4 of the biggest myths in the Family Court

As sure as night follows day, the same misunderstandings about how the Family Courts work will be stated, restated, restated again and for good measure retweeted/shared/argued about.

Disregard this sort of thing and you’re not going to help yourself.

The sad thing is that many of them make things harder for people going through the whole process. It makes them do things that don’t help anyone (including their kids) or themselves, pitches them into conflicts that quite frankly aren’t worth happening and generally case trouble. Even if you know these but if the other party doesn’t it will often lead them to act in a way that seems irrational and counterproductive.

There are far more than 4 myths that do this (and I would put money on the fact I’ll be adding more of them as time progresses) but here are some of the `best’.

So here goes…

No.1 – If you have a residence order you can phone the police to get the kids back if your ex refuses to return them.

No. It. Won’t. Phone your local station and say this. Try it. Forget for a moment that this sort of dispute and the police only deal with criminal matters – not civil ones (bit of a spoiler really…).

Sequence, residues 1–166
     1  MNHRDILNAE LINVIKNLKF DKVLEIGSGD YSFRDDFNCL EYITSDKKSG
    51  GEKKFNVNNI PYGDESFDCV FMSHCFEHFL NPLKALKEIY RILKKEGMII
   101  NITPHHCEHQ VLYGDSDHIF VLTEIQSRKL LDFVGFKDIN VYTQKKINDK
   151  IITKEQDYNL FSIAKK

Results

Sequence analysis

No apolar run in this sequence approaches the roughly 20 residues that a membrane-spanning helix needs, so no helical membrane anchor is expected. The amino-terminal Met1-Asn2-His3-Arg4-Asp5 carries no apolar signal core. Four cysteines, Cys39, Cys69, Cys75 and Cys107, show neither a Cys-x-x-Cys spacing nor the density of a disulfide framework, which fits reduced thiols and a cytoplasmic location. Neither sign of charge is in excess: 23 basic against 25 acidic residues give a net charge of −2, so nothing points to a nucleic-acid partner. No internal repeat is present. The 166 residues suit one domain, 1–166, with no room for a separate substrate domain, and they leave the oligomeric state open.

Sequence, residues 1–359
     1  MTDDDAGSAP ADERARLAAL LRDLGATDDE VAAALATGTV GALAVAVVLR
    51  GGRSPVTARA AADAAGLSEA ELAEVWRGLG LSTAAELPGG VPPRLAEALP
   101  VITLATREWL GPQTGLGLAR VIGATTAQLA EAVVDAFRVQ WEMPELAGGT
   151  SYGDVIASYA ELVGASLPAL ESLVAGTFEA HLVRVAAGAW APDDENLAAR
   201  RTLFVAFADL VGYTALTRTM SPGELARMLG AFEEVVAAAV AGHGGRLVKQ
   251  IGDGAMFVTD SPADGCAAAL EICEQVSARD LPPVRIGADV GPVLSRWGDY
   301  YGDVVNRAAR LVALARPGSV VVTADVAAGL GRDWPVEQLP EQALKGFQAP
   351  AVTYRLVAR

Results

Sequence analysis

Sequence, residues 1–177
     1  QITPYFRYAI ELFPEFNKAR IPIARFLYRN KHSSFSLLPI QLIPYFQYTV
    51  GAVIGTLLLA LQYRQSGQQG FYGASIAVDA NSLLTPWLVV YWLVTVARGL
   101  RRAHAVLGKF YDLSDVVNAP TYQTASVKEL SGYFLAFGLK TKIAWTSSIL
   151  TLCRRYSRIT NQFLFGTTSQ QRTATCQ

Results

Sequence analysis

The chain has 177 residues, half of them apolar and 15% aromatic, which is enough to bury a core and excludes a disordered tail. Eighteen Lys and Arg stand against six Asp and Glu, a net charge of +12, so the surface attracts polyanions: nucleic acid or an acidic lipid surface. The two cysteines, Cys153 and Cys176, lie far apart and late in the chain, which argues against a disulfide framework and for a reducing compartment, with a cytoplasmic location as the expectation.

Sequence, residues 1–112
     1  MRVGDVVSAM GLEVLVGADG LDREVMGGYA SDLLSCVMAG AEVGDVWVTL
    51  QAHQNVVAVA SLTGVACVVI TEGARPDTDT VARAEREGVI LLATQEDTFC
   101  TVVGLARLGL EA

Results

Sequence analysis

You: Hello police? I’ve got a residence order and my ex won’t give me the kids back! Can you go round there and take them off him/her?

PC999: Do you have any welfare concerns?

You: Not really, it’s just that I’m the resident parent and he/she is breaking a court order! They should be with me! I’m the main parent!

PolicePC999: OK…not much we can do I am afraid. You need to speak to your solicitor to take the matter back to court. Tell you what…we’ll go round there and advise him/her to hand them over and do a welfare check but that’s all we can do really.

That’s if the police follow the rules, mind. I do know of a couple of cases where officers have removed children without an Emergency Protection Order or without sufficient welfare concerns….and they have found themselves having a very serious chat with the Inspector about how removing kids from parents with PR without good reason tends to go down very badly.

So the moral of this story kids? Don’t think a residence order will stop your ex taking the kids.

No. 2 – An enforcement application will get your ex to abide with an order.